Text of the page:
Kore-eda Hirokazu isn’t a name that’ll be familiar to any but the most ardent art-house cinema buffs or serious Japanese culture geeks – but it should be. He’s a documentary trained director who’s turned his talents to narrative films that are quite unlike anything else I’ve seen. The unaffected, natural performances he gets from his actors – especially children – are quite remarkable. And that’s never been on better display than is his most recent work, 2011’s “I Wish”, which is currently in the midst of a small distribution in American theaters. Kore-eda’s method for directing kids involves not using a script with them – he simply feeds them their lines as the shooting progresses, and perhaps this in part is why child actors in his films appear not to be performing at all.
Kore-eda-sensei has been doing mostly narrative films since the mid-90’s, but there are two that stand out for me – the utterly heartbreaking Nobody Knows (2004) the story of siblings forced to survive when they’re abandoned by their mother, and Still Walking (2008) a ruthless deconstruction of a Japanese family spanning three generations. I Wish probably doesn’t rise quite to that level, but it’s still a remarkable movie nonetheless – more overtly emotional than any work Kore-eda has done before, seemingly loose in structure but actually quite intricate. It’s the story of two brothers, 12 year-old Oosako Kouchi (Maeda Koki) and 10 year-old Ryonosuke (Maeda Oshiro) forced to split up when their parents separate, each living on opposite ends of Kyushu. A friend tells Kochi that magic will happen when the newly constructed Kyushu Shinkansen trains pass each other for the first time – a wish will be granted – and Kouchi sets off to meet his brother in the small town where he calculates the bullet trains will intersect.
One of the most interesting elements is that the brothers in the film are played by real brothers, the Maedas – and not only that, the boys are already a well-known Manzai comic team known as “Maeda Maeda”. Given that, it’s hardly surprising that they have a great rapport on camera – except that in the film, the brothers are separated by hundreds of miles, and rarely appear together physically. Kouchi is a classic over-thinker, miserable with his mother in the Southern town of Kagoshima, where ash from an erupting volcano rains on the town daily – and the fact that the townsfolk seem little concerned mystifies him. Meanwhile Ryu is an adorable, happy-go-lucky ball of energy, seemingly quite happy with his struggling rocker Dad in urbane Fukuoka, on the Nortnern tip of the island. Kouchi would do anything to bring his family back together – Ryu simply wants no part of being around constantly fighting parents again.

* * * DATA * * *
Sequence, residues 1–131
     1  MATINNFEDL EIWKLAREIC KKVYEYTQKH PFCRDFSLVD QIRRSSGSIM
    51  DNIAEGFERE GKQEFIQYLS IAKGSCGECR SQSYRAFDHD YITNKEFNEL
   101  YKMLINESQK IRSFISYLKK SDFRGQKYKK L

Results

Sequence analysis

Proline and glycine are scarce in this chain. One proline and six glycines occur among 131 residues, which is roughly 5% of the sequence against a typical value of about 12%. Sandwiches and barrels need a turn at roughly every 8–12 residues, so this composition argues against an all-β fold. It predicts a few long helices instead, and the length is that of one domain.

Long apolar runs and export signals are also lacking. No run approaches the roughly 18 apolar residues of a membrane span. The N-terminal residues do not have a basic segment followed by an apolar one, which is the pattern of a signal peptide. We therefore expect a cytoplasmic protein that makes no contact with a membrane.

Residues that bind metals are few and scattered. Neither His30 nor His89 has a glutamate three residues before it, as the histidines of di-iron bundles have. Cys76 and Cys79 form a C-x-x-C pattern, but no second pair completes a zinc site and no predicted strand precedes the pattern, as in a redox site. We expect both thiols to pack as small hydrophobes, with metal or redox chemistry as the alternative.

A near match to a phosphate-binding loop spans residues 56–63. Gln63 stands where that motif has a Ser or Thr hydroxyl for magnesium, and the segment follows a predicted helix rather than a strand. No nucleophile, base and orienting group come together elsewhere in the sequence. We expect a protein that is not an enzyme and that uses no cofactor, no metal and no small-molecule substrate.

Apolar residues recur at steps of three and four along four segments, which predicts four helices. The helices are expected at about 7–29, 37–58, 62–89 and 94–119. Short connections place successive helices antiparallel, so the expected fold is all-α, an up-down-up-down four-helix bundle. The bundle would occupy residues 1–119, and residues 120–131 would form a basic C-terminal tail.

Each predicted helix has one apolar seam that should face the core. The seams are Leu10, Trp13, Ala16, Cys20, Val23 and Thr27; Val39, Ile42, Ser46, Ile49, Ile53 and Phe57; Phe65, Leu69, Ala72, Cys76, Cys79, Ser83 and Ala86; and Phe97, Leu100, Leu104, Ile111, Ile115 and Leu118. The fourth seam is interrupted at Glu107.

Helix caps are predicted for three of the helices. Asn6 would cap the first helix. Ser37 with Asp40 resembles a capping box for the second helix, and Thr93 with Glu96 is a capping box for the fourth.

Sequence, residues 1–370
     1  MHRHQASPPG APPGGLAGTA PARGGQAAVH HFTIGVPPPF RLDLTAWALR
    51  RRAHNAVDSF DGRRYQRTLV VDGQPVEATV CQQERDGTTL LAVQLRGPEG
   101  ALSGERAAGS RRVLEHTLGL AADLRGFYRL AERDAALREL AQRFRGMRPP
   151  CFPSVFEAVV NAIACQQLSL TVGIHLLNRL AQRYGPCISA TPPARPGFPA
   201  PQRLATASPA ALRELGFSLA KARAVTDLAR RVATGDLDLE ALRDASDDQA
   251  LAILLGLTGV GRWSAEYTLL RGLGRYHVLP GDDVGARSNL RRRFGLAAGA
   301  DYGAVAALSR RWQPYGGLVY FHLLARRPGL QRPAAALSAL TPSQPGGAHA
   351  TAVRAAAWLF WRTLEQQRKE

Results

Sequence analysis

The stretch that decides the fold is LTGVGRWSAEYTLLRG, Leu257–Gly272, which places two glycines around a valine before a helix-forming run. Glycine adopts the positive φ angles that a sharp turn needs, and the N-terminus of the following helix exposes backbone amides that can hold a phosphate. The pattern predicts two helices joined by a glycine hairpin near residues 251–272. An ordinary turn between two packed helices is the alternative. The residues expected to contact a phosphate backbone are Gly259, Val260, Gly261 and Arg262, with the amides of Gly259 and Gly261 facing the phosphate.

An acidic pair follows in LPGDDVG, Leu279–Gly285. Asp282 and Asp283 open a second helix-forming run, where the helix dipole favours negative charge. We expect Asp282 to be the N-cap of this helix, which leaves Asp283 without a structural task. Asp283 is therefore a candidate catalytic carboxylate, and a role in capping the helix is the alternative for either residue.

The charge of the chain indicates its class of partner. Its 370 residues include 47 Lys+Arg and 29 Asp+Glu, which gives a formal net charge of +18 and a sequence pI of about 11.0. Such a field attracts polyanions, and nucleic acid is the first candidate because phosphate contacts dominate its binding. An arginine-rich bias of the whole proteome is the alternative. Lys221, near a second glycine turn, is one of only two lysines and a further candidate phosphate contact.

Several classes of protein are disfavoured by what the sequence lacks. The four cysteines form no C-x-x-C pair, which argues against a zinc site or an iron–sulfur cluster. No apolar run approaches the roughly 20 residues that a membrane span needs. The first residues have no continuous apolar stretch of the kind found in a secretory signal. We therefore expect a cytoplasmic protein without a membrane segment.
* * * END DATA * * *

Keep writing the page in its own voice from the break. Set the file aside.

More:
The lives of the brothers are skillfully interwoven by Maeda with a network of others – parents, grandparents, and the small circle of friends each boy gathers around himself. Each child has their own set of worries, and their own wishes – and all of them become part of the story, as do those of the adults. But the whole film is remarkably effective at communicating just how bizarre the world is to a grade-schooler – the way people behave, and the way the world itself behaves. Small things become serious, and serious things seem trivial – and throughout it all, the kids behave as if they’re making their way through their daily lives, unaware of a film crew anywhere in sight. This is Kore-eda’s magic – to be able to make the artifice of film disappear, and to seduce the audience into losing all sense that they’re watching a film at all. It’s never more effective than when the camera is on the children, but it cuts through all of his best work.
Kore-eda’s films are, in general, a must-see for anyone interested in seeing the minutiae of Japanese daily life and the dynamics of the Japanese family play out in utterly believable ways – they’re a crash course in modern Japanese culture. But I wish in particular stands out as some of the most free-flowing, natural filmmaking you’ll see – as with so much from Japan, it’s utterly unlike what we’ve come to expect in Western films. Spielberg can elicit great performances from children (see A.I. for the finest example) but one never loses sight of the performance. If anything, there’s a bit of Francois Truffaut in Kore-eda – and perhaps just a bit of Antoine Doinel in Oosako Kouichi.